War Letters to Joyce 1941
Original digital file
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This is the first in a series of 5 sets of personal letters from Doctor Allan Ballantyne, held prisoner-of-war in Europe, to his wife Joyce, in New Zealand.
Each letter or postcard is displayed in date order of writing.
From the start of interment until mid October 1941, letters were written on a single sheet of paper then placed into an envelope, now rather fragile after so many years, then posted through a prisoner of war mail service for eventual delivery in New Zealand.
From late October 1941 until the end of interment, mail was generally written on one side of an “aerogram”-style sheet of lightweight paper that was then folded and sealed into an envelope shape, for posting. A full picture of the address side of one of these letters is displayed for interest, thereafter only the main address panel is shown for ease of reading.
In addition to these styles of letters, occasional “postcards” were produced within the prison camps, for mailing by prisoners. Examples are sometimes found in the weeks preceding Christmas.
Due to the long delivery times experienced with correspondence being transported between Germany and New Zealand and vice versa, it was difficult for either to know where the other might be living or incarcerated. The most commonly used address for mail being sent to New Zealand was “229 Main Road, Ravensbourne, Dunedin, New Zealand”.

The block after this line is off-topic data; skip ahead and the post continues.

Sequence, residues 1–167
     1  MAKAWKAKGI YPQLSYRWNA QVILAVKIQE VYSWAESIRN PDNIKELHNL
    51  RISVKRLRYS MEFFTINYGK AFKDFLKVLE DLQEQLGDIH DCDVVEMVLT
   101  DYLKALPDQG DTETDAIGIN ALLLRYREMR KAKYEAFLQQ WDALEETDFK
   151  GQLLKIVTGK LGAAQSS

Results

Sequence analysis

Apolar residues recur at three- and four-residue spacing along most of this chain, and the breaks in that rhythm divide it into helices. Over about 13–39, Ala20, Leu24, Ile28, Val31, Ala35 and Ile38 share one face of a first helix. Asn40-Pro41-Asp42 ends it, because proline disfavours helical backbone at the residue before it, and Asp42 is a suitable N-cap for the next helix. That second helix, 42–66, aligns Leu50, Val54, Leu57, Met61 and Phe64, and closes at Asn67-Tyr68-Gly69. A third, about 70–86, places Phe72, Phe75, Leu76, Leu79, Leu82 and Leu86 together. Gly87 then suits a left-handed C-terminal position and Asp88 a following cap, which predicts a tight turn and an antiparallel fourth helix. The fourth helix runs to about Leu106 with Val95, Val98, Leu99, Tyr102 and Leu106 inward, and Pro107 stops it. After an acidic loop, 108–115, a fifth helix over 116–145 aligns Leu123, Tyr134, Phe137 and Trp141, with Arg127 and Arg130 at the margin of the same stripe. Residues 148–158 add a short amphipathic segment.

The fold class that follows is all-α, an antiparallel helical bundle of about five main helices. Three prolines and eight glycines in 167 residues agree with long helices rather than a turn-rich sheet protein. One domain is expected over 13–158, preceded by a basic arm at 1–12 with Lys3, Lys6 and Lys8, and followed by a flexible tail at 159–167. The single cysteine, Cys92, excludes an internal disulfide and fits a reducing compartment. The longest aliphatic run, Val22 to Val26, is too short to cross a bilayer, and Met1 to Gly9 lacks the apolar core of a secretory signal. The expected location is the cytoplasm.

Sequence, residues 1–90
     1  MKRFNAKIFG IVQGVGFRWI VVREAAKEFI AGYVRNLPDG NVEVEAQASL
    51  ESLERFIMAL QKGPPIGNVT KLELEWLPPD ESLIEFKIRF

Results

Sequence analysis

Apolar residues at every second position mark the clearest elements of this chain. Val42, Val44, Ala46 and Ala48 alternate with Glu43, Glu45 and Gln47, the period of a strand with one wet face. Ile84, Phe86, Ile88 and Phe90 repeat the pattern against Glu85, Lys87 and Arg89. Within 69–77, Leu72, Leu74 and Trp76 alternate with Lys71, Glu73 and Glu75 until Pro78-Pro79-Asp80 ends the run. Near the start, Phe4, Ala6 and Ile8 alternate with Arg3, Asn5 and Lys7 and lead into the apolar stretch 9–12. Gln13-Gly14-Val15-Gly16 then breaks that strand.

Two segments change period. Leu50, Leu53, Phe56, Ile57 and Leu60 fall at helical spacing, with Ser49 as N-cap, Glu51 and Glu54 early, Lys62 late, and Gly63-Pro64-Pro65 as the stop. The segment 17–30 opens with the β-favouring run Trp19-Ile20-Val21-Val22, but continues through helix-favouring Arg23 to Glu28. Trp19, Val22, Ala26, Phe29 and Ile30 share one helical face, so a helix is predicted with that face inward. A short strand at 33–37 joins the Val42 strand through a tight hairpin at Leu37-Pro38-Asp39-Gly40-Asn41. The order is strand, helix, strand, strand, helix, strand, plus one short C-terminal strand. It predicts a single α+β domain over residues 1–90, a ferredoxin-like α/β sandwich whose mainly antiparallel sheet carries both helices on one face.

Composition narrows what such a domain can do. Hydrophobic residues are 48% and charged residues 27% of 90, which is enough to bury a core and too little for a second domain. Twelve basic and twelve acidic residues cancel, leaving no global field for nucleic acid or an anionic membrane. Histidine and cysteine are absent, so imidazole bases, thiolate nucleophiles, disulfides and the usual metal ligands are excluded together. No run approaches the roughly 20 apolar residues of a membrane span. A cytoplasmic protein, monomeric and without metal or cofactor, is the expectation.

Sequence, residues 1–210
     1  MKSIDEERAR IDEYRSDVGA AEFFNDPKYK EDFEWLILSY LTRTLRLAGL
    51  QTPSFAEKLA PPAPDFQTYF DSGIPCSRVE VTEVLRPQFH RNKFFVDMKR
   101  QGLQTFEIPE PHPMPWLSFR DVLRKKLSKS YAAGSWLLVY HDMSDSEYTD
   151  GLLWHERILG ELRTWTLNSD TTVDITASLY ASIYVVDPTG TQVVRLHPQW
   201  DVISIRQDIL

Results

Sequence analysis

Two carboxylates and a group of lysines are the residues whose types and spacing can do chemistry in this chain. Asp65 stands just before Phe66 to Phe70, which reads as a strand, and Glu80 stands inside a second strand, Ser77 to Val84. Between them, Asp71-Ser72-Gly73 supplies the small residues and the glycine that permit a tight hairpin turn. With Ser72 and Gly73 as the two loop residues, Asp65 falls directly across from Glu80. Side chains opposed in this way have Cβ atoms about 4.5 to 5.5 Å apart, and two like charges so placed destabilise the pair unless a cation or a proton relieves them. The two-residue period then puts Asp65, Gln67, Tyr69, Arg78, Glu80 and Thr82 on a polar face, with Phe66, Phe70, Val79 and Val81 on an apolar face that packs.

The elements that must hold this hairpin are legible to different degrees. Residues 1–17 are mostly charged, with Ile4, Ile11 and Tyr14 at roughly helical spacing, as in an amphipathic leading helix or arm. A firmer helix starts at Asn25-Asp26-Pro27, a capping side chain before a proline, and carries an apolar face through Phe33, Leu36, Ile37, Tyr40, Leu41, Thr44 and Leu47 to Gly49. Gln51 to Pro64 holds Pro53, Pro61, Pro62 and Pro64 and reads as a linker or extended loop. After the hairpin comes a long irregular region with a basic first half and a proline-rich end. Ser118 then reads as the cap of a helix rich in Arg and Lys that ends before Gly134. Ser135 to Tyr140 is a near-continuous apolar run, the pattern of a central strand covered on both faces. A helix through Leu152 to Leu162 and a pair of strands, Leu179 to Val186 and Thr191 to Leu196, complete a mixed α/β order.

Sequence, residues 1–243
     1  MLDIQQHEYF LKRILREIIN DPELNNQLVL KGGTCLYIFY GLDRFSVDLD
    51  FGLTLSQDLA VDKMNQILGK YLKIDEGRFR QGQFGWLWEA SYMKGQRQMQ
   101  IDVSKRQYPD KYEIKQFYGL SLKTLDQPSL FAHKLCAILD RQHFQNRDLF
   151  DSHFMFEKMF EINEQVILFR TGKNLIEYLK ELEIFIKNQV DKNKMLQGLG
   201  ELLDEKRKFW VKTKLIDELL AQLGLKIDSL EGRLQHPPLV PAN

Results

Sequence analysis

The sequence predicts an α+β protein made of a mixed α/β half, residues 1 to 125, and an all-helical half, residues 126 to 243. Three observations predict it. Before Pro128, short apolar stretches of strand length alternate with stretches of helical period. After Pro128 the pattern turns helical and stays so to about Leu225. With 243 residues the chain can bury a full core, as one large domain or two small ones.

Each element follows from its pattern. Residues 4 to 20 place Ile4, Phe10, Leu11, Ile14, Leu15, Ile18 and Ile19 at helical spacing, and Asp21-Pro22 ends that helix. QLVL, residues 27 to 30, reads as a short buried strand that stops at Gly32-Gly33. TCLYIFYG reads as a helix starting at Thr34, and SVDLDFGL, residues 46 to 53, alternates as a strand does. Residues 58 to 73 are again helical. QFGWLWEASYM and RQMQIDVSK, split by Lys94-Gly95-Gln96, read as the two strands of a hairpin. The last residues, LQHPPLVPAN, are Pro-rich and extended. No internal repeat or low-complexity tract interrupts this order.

Changes start to occur early in the war when one finds mail being redirected to “Craighead, Timaru, Canterbury”, although no mention has been noted in the correspondence as to what Joyce may have been doing at that location. Other addresses occur from time to time before Joyce started working as a radiographer at Cook Hospital, Gisborne, where mail was initially redirected before this becoming the regular address.
Postmark dates can be confusing as they reflect the dates when each piece of mail passed through the various postal services. The letter writing date may be substantially earlier than the NZ postmark dates, depending upon the circuitous route that mail travelled.
To assist readers with understanding address details, commonly-seen German terms with suggested English equivalents, suggested by “Google Translate” are listed below.
Word or Label Meaning
Kriegsgefangenenpost POW mail
Postkarte Post Card
Taxe perçue Perceived tax
Par Avion By plane, by airmail
Gebührenfrei Free of charge
Vor – und Zuname First and Last names (of recipient)
Empfangsort Receiving location (the street address)
Straße Street (usually contains suburb or area name)
Kreis District (Usually displays name of city/town)
Landesteil Part of the country (Usually contains the name of the country to which the mail is being sent)
Provinz usw Province etc (generally unused)
Gefangenennummer Prisoner number
Lager-Bezeichnung Camp designation
Stammlager Main prison camp